The ICAEW website has been designed to be accessible to a wide ranging audience, including people with sight and hearing impairments. Our site has been developed to meet W3C web standards and aims to achieve AA compliance with WCAG2 accessibility.
Here are details on how we make the site accessible:
We use cascading style sheets (CSS) to control site layout and presentation.
This means that:
Site navigation appears at the start of the page. Screen reader users can bypass navigation by using the ‘Skip to content’ link at the start of the page. Related content navigation is listed after the main content.
Content on the site has been written and formatted to be accessible. Examples of this approach include preceding sections of text with a heading, using meaningful text for links and use of the alt attribute to describe images.
We aim to communicate as clearly and simply as possible but some articles require a level of technical understanding due to the nature of the topic they cover. We develop our site to work with a wide range of the most popular current browsers but are not able to actively support older versions of browsers. Website content is still accessible by turning off stylesheets.
ICAEW understands and accepts that web pages cannot be made that will render identically for every user. With web browsers being produced by numerous vendors, subject to frequent updates and having a range of different rendering engines on multiple operating systems it is not ICAEW's intention that web pages look identical in all browsers.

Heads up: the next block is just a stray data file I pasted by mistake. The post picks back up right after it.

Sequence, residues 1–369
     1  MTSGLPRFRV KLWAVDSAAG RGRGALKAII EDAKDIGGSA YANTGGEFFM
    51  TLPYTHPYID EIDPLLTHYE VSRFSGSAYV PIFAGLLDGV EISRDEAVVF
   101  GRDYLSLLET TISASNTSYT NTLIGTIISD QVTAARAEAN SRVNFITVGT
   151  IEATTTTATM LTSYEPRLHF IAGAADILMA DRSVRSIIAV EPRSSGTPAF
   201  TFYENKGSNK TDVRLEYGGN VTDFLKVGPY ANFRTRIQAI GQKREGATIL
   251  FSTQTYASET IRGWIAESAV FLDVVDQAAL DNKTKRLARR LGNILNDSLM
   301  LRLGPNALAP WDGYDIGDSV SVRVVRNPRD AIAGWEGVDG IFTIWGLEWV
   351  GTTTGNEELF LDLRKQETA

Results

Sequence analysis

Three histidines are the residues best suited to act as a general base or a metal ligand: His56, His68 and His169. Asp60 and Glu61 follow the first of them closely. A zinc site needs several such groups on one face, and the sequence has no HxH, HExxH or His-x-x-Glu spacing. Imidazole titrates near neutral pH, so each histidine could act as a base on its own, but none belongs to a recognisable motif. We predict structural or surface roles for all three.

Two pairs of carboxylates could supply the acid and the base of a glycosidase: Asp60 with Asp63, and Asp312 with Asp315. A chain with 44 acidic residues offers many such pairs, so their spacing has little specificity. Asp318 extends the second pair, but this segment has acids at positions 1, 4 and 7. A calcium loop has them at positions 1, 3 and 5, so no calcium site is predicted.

Web browser versions are assigned a level of support based on an analysis of website user statistics to ensure that resources are used to give the optimum user experience to the greatest number of users.
|Level 2||9 &10||-||-||8||-|
|Level 3||8 and less||46 and less||42 and less||7 and less||12|
* Although Edge currently accounts for only 1.51% of site visits, the anticipated growth in this browser is such that Edge 13 has been given accelerated Level 1 support.
For more information on getting the best experience of the web for you, we recommend visiting the BBC My Web, My Way website for advice on how to get the most from the accessibility features and assistive technologies available for your computer.
If you have any suggestions or have encountered any difficulties with accessibility on our site, please let us know by emailing email@example.com